I really like this blog post from Unlocking Words and the research discussed. I especially like the closing words on the post:
“I felt it was important to post a first draft as the internet is so full of polished work that’s been edited and edited and we never see first drafts of anything which can feel a bit disheartening. This is also why I include a lot of half edited, not yet finished, poems on my blog.”
When I was researching insect mythology, I came across an interesting paper which used insect myths to “foster active learning” in undergraduate courses. It outlines a course approach which begins with discussing what a myth is then the students are asked to read a variety of insect myths from a range of sources. As we’ve already seen, it is often possible to group these in terms of themes such as creation or explanations for behaviours. A working definition of a myth is then provided.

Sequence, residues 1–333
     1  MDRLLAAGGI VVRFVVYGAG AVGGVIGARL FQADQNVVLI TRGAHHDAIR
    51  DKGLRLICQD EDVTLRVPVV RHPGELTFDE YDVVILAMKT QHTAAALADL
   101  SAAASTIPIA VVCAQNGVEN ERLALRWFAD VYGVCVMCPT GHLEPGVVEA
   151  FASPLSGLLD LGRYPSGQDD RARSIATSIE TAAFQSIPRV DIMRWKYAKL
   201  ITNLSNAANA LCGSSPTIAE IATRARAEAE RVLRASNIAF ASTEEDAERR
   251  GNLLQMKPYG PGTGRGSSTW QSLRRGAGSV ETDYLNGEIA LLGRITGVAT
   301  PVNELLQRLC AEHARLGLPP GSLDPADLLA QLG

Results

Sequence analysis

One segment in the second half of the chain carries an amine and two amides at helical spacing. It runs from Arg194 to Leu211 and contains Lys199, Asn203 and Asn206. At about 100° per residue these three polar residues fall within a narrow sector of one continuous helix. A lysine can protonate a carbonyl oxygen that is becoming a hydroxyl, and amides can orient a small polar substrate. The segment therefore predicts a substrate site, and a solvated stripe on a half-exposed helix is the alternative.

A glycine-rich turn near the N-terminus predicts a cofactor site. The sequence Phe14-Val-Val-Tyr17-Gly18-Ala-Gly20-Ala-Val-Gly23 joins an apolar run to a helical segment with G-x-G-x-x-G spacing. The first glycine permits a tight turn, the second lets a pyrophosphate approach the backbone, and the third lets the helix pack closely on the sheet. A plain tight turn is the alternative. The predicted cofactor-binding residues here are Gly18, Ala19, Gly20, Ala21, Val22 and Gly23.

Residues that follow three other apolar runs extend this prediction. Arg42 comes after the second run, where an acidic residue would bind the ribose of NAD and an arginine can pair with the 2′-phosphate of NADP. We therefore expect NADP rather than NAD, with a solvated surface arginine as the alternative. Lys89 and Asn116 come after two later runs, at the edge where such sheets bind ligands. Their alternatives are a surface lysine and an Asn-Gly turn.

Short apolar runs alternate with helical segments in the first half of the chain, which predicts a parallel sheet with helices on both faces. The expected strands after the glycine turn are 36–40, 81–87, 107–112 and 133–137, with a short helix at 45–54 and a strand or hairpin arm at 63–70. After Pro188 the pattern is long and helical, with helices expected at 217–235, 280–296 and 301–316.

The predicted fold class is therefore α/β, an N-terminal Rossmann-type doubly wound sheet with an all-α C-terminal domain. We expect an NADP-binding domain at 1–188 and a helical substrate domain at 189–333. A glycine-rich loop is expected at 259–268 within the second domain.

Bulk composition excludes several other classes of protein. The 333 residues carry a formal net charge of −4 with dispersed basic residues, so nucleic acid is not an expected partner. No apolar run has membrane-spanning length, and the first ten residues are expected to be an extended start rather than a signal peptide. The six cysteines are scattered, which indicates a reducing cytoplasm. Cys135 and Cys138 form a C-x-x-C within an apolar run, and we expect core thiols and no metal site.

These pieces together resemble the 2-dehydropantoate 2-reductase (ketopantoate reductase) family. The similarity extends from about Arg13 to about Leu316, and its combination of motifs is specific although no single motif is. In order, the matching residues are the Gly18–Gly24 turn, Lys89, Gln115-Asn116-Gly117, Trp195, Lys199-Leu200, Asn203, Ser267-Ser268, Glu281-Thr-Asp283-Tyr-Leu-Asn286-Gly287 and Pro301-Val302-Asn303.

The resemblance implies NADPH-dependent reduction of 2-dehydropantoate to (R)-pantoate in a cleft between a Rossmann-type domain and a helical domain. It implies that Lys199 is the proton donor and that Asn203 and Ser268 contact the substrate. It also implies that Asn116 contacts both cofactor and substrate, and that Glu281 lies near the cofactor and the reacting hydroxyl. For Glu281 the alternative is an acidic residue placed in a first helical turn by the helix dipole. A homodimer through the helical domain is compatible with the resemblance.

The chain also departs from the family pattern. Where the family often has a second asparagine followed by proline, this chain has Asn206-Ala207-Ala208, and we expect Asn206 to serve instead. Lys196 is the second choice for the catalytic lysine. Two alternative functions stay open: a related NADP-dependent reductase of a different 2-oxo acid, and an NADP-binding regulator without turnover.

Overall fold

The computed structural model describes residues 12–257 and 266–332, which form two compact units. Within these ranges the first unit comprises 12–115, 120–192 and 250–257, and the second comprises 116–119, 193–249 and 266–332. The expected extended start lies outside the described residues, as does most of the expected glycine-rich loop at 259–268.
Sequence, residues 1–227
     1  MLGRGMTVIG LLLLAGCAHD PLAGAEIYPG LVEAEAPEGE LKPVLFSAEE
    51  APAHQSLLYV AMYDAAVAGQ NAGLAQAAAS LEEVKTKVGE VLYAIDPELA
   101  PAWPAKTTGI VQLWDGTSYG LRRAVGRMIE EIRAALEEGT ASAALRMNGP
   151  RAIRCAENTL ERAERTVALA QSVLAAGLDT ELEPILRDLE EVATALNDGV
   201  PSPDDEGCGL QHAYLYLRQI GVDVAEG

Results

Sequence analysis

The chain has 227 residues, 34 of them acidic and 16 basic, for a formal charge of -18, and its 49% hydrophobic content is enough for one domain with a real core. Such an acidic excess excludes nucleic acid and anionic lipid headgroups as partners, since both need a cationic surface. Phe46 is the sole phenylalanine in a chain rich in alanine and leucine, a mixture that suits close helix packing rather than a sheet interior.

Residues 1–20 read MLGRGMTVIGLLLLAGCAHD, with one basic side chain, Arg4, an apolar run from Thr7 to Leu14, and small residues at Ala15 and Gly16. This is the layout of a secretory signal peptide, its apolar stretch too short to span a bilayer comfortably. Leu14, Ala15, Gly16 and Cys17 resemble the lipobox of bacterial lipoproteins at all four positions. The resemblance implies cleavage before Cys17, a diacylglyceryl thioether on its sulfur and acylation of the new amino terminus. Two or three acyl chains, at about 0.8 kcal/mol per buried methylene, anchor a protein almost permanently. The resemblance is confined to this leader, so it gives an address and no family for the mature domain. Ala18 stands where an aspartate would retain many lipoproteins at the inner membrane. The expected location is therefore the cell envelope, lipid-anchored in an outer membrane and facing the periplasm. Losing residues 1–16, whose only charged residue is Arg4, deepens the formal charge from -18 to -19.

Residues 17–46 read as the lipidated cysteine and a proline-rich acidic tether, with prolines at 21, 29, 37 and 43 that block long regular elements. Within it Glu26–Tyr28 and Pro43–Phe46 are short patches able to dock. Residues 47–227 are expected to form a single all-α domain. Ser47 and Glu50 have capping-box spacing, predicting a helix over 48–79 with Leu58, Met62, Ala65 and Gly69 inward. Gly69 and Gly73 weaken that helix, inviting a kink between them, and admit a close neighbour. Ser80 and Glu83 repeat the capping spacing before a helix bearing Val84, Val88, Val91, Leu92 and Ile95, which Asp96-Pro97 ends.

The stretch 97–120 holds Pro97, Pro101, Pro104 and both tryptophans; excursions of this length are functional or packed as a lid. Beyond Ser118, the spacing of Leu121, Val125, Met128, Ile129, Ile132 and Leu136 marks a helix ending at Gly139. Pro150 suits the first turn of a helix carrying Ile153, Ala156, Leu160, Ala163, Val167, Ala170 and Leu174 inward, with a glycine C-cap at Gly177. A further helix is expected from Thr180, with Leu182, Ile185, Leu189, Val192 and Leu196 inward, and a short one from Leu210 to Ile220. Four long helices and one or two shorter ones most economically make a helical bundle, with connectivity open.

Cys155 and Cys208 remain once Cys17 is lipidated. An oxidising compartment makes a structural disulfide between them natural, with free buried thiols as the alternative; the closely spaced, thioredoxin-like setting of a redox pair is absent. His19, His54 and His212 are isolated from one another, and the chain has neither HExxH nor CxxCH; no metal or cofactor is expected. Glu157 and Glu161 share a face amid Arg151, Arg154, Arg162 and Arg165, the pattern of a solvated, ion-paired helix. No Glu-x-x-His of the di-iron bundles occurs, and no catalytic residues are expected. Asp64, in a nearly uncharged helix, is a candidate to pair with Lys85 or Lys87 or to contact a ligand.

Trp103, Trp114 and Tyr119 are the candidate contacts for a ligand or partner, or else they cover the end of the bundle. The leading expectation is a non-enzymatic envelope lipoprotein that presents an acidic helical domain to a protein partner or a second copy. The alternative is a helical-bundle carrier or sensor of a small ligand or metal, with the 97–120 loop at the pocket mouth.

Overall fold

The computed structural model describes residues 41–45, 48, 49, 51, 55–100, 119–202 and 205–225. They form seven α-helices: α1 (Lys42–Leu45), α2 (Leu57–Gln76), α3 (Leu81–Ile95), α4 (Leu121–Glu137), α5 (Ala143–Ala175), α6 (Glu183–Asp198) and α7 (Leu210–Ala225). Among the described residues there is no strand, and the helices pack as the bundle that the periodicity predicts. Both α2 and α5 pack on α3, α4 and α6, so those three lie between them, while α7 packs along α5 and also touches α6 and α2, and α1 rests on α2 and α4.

Working definition of a myth*
A myth: is a story that explains or relates the origin of a natural phenomenon, cultural belief, or tradition. It often answers a fundamental question (e.g. How was the world made? Why does the sun/moon move across the sky? Where do souls go after death?). Myths may justify existing social systems and/ or account for traditional rites and customs, including cosmological…
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